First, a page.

Ten years ago, the closest Central Oregonians could get to buying local organic food in the winter was to drive three hours to greenhouses in the valley. Even just a year ago, locavores who lived for their summertime weekly CSA (Community Supported Agriculture) bounties were stuck buying veggies and meats from aisles under fluorescent lights.
Not to say that grocery stores are inherently evil - I love Newport Market as much as the next person - but the option of directly supporting local farmers seems to all but disappear come November. That fact frustrated Andrew Adams, a sustainability-minded local who last January started Agricultural Connections, a yearround CSA.
Agricultural Connections isn't your everyday CSA. Instead of having members buy in at the beginning of the season to fund the bulk of a farmer's expenses for the year, Agricultural Connections has pooled multiple farms within 100 miles of Bend to offer an array of foods, from produce to meats and dairy. Instead of season-long memberships, members can buy anything from a box of produce to a pound of ground buffalo meat weekly through the company's website at bendcsa.com.
"It gives people the ability to actually have a reference to where their food is being grown," says Elizabeth Weigand, manager of Agricultural Connections. Weigand says that while there may be organic or local food available in grocery stores, consumers aren't always informed about which specific farm their carrots are coming from and whether the free-range chickens they're buying were allowed to roam outside.
"Large-scale organic farms are different than small-scale organic farms," she says. "It isn't just the product itself, but the farming operation. It's a different relationship between the people and the land."
Weigand says that every farm they work with, including an egg farm in Prineville, Sand Lily Goat Farm and Pine Mountain Ranch in Bend, is a small, organic operation.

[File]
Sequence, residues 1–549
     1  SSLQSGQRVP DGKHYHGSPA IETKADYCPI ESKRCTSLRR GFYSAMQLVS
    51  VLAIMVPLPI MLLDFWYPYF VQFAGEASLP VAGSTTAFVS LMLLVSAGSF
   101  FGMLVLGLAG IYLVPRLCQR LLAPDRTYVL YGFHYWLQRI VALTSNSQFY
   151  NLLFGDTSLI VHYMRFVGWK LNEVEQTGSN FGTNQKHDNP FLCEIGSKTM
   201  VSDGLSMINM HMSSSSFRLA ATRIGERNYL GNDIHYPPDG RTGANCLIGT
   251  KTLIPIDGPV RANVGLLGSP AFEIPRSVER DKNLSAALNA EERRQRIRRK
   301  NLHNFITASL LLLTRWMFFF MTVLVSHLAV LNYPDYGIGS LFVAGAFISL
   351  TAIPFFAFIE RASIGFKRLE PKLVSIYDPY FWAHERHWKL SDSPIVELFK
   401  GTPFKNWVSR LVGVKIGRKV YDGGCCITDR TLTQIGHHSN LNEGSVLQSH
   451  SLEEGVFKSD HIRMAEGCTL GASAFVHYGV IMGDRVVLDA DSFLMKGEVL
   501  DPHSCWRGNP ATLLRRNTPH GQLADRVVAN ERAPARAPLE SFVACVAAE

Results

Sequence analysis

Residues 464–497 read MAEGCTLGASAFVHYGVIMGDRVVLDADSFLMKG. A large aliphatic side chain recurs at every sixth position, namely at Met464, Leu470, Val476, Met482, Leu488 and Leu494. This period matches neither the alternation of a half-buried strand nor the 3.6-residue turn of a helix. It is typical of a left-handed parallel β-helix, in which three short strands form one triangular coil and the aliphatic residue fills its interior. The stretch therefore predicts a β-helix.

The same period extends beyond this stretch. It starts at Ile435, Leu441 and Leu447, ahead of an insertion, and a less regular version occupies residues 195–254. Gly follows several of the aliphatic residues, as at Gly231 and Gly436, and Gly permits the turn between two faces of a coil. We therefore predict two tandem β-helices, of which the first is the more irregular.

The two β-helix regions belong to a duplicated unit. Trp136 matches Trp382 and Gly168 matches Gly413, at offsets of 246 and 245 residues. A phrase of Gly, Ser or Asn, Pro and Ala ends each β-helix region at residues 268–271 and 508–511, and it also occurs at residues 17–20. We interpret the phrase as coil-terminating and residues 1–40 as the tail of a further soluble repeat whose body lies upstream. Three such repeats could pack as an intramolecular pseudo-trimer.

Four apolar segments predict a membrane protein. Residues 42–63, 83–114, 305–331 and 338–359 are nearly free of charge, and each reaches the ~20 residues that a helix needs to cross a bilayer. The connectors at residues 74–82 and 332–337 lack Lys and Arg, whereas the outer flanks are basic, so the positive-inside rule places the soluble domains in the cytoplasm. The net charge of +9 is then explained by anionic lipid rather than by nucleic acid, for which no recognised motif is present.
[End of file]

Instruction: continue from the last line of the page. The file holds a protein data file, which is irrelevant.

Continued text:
Still, a year round CSA raises questions for those familiar with the high desert 90-day growing season - namely, how can you offer produce after the freeze?
"It's definitely seasonal," Weigand says. A good portion of Agricultural Connection's winter produce hails from the greenhouses at Cinco Estrellas Farm in Junction City, where root vegetables, herbs, potatoes and kale dominate the winter take.
All of Agricultural Connection's foods can be purchased on their website and in addition to a traditional weekly produce share ($28/week for a family share), a wide variety of local products is available; apples from Kimberly Orchards in Kimberly, Ore., mushrooms from Mycological Natural Products in Eugene and even cheese, yogurt, whole wheat flour and pancake mix from Norris Dairy in Crabtree, Ore.
Weigand says that Agricultural Connections is also working toward accepting EBT (food stamp benefits).
All of this adds up to Central Oregonians now having the option to eat a local diet year round. That's an important development not just for your stomach, but also the environment. For example, a regionally based diet requires 17 times less oil and gas than a typical diet based on food shipped across the country, according to Agricultural Connection's website. Yearround CSAs may not be replacing grocery stores any time soon, but the option to buy a bundle of locally grown salad greens and buffalo meat in January is not just a novelty, but a step toward sustainable eating for everyone.